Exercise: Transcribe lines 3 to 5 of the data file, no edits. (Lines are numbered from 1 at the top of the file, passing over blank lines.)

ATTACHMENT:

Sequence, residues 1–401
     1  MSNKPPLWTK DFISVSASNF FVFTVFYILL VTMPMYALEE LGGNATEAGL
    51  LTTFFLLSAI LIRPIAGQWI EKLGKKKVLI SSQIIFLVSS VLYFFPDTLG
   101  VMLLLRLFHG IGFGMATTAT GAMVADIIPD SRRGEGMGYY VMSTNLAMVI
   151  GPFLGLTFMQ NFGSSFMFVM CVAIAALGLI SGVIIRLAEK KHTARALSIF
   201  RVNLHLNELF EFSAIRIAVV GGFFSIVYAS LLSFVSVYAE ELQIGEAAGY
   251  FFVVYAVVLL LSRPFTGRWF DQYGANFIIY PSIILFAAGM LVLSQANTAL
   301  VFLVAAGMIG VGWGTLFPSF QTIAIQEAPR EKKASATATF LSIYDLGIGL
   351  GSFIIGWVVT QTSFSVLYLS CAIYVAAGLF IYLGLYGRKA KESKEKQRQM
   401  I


    51  LTTFFLLSAI LIRPIAGQWI EKLGKKKVLI SSQIIFLVSS VLYFFPDTLG
   101  VMLLLRLFHG IGFGMATTAT GAMVADIIPD SRRGEGMGYY VMSTNLAMVI
   151  GPFLGLTFMQ NFGSSFMFVM CVAIAALGLI SGVIIRLAEK KHTARALSIF